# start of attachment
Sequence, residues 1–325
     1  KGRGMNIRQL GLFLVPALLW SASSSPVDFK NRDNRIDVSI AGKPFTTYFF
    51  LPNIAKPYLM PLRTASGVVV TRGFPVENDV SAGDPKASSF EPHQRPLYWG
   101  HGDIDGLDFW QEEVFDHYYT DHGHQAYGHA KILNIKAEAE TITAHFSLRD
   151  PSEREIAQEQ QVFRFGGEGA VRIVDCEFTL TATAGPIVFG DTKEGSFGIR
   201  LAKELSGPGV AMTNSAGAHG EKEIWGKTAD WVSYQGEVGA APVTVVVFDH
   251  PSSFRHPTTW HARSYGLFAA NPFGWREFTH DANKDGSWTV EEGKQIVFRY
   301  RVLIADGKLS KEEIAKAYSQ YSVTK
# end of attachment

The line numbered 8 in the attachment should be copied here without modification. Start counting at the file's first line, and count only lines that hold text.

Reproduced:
   301  RVLIADGKLS KEEIAKAYSQ YSVTK